Friday, January 29, 2010

The State of the President

The President used the occasion of his first State of the Union address to appeal for unity in our country, but true to his proclivity for avoiding blame, he refused to take responsibility for the nation’s great divide.

In the mind of Barack Obama, of course, the culpability lies with the Republicans; when our dear leader speaks of “unity,” what he really means is “acquiescence.” Failure to rubber-stamp his agenda is considered to be the chief component of disharmony in Obama-world - daring to stand firmly in opposition to his schema borders on disloyalty.

Never mind that what is offered by his lapdog Congress is terrible - and terribly radical - legislation. Most of his programs have not been passed, despite a Democrat super-majority in the Senate, simply because the bills are so bad that the American people have risen up to voice their outrage at almost every turn.

It seems that for each budget-busting, job-killing, government-expanding proposal that comes along, the Tea Party movement gains another hundred thousand followers.

So to a man (and woman), Republicans are voting “no,” and when they are not voting “no,” they are voting “HELL no.” Who can blame them? They are accused of blind partisanship, but they are merely listening to their consciences and their constituency – a pretty damned good approach to representative government, I would think.

Voting for a bad bill for the sake of Barack Obama’s definition of unity is just plain wrong, just as it would be wrong to vote for a bad bill to avoid being called an obstructionist.

There was a time, during his campaign and in the early part of his administration, that when the President would make statements that defied credulity, he would get away with it. Not anymore; he exhausted his supply of free passes long ago. He continues to defy credulity, to be sure – but now there is a real-world price that must be paid.

The American public told him as much when given the opportunity in New Jersey, Virginia and Massachusetts.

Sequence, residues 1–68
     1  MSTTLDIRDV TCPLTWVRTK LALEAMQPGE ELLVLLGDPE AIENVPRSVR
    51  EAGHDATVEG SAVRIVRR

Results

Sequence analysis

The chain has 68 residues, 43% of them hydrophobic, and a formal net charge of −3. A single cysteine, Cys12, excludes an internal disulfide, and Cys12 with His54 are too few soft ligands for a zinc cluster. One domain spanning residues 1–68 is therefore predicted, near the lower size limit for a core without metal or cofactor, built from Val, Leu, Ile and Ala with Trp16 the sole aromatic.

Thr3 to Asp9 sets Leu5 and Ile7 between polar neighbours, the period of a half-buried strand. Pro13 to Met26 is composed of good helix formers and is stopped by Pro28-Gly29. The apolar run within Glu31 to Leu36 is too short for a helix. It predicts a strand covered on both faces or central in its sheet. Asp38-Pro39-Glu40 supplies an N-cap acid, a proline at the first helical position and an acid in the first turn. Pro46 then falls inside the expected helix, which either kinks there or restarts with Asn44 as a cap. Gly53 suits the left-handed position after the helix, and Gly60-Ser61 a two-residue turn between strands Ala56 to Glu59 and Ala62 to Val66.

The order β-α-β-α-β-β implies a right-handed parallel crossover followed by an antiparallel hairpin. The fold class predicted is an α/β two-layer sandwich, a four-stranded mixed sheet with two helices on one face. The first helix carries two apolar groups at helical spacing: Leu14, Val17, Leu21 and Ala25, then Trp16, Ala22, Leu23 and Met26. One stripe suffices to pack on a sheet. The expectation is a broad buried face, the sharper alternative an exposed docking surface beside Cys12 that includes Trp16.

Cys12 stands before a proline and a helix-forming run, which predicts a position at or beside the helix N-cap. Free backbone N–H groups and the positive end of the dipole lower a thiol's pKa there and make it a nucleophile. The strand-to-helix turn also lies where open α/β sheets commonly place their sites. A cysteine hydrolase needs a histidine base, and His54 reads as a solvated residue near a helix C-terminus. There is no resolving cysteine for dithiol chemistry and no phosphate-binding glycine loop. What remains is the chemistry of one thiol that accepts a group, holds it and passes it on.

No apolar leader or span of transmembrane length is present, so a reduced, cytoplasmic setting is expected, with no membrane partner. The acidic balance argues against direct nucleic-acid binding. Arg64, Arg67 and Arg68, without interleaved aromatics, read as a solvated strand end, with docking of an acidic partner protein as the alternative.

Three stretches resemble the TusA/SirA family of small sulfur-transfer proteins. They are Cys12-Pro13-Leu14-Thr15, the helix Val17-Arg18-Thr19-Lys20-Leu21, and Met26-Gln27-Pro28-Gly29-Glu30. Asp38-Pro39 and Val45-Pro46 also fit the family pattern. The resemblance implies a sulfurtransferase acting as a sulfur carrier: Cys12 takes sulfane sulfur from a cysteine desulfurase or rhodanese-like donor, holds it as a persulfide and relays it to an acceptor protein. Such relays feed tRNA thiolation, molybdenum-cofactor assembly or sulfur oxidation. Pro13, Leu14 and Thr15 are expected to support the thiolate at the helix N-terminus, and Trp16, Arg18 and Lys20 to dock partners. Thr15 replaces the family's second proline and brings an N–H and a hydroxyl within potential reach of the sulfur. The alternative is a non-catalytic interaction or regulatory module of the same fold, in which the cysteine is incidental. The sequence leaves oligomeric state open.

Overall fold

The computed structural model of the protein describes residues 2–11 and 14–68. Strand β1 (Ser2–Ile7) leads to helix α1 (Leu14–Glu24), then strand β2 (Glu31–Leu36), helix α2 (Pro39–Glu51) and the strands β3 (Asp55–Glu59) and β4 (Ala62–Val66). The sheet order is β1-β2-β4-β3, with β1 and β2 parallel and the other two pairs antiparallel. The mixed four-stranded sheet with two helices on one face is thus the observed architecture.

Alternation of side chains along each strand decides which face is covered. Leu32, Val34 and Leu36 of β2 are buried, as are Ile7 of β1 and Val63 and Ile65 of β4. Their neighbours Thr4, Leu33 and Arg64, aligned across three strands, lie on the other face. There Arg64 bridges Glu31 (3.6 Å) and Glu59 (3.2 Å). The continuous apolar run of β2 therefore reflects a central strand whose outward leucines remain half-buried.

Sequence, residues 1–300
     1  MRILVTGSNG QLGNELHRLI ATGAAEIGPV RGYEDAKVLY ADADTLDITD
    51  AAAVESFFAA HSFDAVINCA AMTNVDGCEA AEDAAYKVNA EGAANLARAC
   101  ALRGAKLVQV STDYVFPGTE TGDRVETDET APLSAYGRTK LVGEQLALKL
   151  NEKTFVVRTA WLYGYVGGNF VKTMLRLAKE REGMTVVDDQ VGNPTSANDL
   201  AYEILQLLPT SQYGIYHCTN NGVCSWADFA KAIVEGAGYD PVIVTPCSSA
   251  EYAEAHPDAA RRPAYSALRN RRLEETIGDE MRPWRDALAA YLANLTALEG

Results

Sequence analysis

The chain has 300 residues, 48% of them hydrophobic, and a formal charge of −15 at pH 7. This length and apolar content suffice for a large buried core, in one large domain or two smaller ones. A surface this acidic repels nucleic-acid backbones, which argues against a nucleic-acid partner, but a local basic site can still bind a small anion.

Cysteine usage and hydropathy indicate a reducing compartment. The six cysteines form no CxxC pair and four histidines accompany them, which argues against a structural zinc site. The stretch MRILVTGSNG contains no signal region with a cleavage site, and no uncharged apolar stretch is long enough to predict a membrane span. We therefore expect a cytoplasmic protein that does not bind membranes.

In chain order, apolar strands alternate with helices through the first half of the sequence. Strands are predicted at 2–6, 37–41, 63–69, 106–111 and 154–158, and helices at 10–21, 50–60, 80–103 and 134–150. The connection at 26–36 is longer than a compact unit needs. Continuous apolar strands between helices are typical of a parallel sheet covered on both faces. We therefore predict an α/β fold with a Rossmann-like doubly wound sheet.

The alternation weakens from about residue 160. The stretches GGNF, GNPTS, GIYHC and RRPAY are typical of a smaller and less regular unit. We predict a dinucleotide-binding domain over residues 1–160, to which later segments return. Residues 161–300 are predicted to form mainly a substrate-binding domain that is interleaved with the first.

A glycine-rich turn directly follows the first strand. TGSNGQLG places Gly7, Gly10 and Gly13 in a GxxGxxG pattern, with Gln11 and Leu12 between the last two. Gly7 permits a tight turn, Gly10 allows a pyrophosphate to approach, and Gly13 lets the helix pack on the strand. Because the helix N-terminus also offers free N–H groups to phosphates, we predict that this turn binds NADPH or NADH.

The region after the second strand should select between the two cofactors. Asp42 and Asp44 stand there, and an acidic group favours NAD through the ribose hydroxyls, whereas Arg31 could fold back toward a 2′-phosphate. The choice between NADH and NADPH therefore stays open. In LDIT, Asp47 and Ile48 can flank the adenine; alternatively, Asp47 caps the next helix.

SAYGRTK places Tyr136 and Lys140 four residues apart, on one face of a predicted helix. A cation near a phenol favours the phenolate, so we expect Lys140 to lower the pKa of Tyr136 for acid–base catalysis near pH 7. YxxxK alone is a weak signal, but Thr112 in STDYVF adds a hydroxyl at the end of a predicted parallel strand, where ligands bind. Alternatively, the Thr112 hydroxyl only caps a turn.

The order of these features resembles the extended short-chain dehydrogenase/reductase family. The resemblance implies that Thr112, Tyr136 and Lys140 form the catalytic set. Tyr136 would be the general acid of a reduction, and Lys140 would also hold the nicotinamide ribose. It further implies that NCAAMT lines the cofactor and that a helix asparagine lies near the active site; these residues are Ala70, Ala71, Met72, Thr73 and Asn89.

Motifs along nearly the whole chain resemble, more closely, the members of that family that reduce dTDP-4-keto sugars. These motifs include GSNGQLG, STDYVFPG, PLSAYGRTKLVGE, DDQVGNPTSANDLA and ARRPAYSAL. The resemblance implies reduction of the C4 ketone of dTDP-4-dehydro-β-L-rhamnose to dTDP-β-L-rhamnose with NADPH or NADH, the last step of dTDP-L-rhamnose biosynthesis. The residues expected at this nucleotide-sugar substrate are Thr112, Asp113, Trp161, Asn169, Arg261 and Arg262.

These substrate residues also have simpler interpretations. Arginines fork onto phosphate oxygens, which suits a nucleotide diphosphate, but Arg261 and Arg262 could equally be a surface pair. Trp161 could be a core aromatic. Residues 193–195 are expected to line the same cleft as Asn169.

Until now, Barack Obama has had a career in which he never actually had to perform, as one would if running a business, or a town, or an agency. Every “job” he has ever held involved only two things: offering his opinion and running for the next highest office. Now, however, he’s bumped into highest ceiling of them all – there’s nothing else to run for and he’s got to be, for the first time in his adult life, a decision-maker. And also for the first time in his adult life he’s going to be graded on his performance, not his oratorical and campaign skills.

He’s not getting very high marks - and for all the reasons we knew he wasn’t going to: his upbringing was radical and far left, and when he brought those values to the White House, they turned out to be well beyond the threshold that the majority of the American people could find palatable. He’s surrounded himself as President with the same kinds of people he’s surrounded himself with for his entire life: leftist ideologues with no real-world experience.

Obama is now being held accountable by the world’s media for his every decision, and many of those decisions are turning out to be poorly conceived, illogical and strongly driven by partisan politics. Rather than seek the haven of most Presidents – the political center – his hubris caused him to believe that such a shift was unnecessary.

So we find ourselves trying to make sense of oxymoronic policy statements, which is what we get when instead of actually offering a firm and cogent position, he tries in vain to please both the left and the right.

Epic fail. Witness a strategy (and I use the term loosely) in Afghanistan that has us surging, and then pulling out without regard to the result of the surge, a policy I like to call belli interruptus. This is no way to govern, and the people of the United States know it; some admit it more readily than others, but the realization is certainly seeping into the broader American consciousness – Chris Matthews notwithstanding.

Decision-making for the most powerful country in the world cannot be done Chinese-takeout-menu style. One from Column A and one from Column B just isn’t getting it done, and not surprisingly we find ourselves hungry for a new policy a few hours later.

Bit by bit, like a mosaic, a picture of this Administration is slowly coalescing, and it is not a pretty one. Incompetence abounds, sometime on a scale so huge (think Napolitano, Geithner and Holder) that we peer intently at the facts in order to discern some master plan so incredibly intricate that we mere mortals cannot discern it.

But that’s not it, is it? It is just plain incompetence. So when the President calls for a “change in tone,” by which he means that everyone must sing in his key, I have to say no, I don’t think so, Mr. President.

You’re not good for America, and unless you have an epiphany of the highest order, you never will be. And I’ll never stop saying so. Now that you’ve done what no other President in MY lifetime has been able to do – get me up off my butt and behind a keyboard – you’ll have to deal with me until you go away.